Threatened Blanding's Turtle found in local water body
A sighting of one of these turtles, which can be distinguished from the more common Painted Turtle through its yellow throat, was first reported to the Junction Creek Stewardship Committee two years ago.
Thanks to a government grant, the community environmental group has now hired a summer student to find out just how many of the turtles are in the creek, and where they live and lay their eggs.
“For a city like Sudbury that used to be called the city that looked like the moon to have a threatened species living naturally in the downtown is really quite special,” said committee member and local biologist Franco Mariotti.
He made the remarks during the Junction Creek Stewardship Committee's 15th anniversary celebration, held at Adanac Ski Hill May 24.
Children were able to get up close and personal with a live Blanding's Turtle from Science North during the event, which also included the release of 1,000 live brook trout into Junction Creek, tree planting and children's activities.
The Junction Creek Stewardship Committee was started in 1999 by citizens inspired by the city's regreening efforts, Mariotti said.
“We could point to regreening and say if we can do that, surely we could put a little bit of life back into the creek,” he said.
Fifty thousand kilograms of garbage has since been removed, 1,000 brook trout have been released a year since 2001, and 70,000 trees and bushes have been planted, said Shannon Dennie, the co-ordinator of the Junction Creek committee along with Woods.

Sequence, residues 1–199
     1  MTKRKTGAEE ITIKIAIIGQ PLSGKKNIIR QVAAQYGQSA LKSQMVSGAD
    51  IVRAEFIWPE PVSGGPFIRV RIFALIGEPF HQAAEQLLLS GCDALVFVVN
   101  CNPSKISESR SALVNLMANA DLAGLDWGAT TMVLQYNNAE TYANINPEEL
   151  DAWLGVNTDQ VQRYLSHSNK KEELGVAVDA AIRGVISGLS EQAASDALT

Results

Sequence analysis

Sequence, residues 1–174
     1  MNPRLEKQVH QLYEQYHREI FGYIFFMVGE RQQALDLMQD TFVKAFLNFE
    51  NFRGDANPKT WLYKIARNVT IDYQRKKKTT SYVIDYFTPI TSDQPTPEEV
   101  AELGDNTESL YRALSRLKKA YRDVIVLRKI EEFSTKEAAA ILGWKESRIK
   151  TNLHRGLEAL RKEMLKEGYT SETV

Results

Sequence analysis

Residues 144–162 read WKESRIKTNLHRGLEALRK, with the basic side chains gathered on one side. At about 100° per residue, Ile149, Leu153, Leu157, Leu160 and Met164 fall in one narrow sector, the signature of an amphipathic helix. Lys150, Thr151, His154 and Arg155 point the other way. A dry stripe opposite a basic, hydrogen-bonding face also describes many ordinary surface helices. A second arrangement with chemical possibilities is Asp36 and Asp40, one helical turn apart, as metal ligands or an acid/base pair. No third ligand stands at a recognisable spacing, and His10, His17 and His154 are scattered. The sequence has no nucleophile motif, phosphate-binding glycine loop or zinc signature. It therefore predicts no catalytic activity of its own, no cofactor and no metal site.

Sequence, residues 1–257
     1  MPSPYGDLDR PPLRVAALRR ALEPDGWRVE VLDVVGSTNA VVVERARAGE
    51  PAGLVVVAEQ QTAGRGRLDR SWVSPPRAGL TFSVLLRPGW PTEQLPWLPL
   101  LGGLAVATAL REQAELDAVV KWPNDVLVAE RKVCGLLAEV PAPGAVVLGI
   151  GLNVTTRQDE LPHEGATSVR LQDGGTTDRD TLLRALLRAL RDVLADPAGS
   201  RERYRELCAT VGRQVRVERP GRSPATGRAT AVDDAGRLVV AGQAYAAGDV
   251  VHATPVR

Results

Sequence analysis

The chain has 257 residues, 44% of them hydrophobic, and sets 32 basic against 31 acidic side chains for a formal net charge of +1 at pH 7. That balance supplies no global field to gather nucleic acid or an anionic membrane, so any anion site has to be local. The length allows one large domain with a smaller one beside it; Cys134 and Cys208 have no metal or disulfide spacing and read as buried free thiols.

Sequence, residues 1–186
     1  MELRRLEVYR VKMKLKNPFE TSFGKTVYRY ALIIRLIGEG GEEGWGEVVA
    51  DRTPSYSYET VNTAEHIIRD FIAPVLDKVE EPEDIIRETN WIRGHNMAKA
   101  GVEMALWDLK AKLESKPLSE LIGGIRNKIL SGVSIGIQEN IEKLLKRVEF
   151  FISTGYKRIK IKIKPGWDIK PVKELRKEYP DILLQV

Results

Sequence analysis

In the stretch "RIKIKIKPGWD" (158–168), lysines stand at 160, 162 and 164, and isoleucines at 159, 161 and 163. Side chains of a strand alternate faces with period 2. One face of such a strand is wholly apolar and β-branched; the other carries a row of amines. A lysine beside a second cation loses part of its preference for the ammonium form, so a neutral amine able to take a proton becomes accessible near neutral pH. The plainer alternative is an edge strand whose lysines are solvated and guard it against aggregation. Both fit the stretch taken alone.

Because Junction Creek runs 23 kilometres through Garson, New Sudbury, the downtown and into Kelly Lake, the committee partnered with numerous community groups, who have adopted sections of the creek.
“We're seeing less and less garbage, that's the great thing,” Dennie said. “These groups are not coming out every year to pull out garbage. They're coming out to plant trees instead or to do other restoration activities along the creek.”
A decade ago, surveys of some parts of the creek turned up only two different types of minnows, Mariotti said. Those same sections now have 12 different species of minnows, as well as aquatic insects.
Although constant restocking of the brook trout is necessary because of fishing, Mariotti said some of the fish are surviving.
“We caught a brook trout that was eight to 10 inches,” he said.
Getting families involved in the restoration efforts isn't just a nice gesture, it's crucial, Mariotti said. Releasing live fish into the creek is something kids will remember for a long time, he said.
“Imagine that child going back to school, and they see a friend throwing a pop can or some plastic into the creek,” he said.
“How do you think that child is going to respond? The immediate response is 'Wait, I put live fish in there, what are you doing?. So it's a great way of creating ownership.”
Laurie Twilley attended the event with her children, Kayla, 12, and Jayden, 10, who released fish into the creek and held the Blanding's Turtle.
“I think it's very important to help out Junction Creek and for them to be aware, and just to learn about it,” she said. “Maybe as adults they'll ... try to care for it themselves.”
Kayla said she'll be on the lookout for Blanding's Turtles this summer, and plans to snap a photo if she sees one. She said she thinks the event was a good learning experience.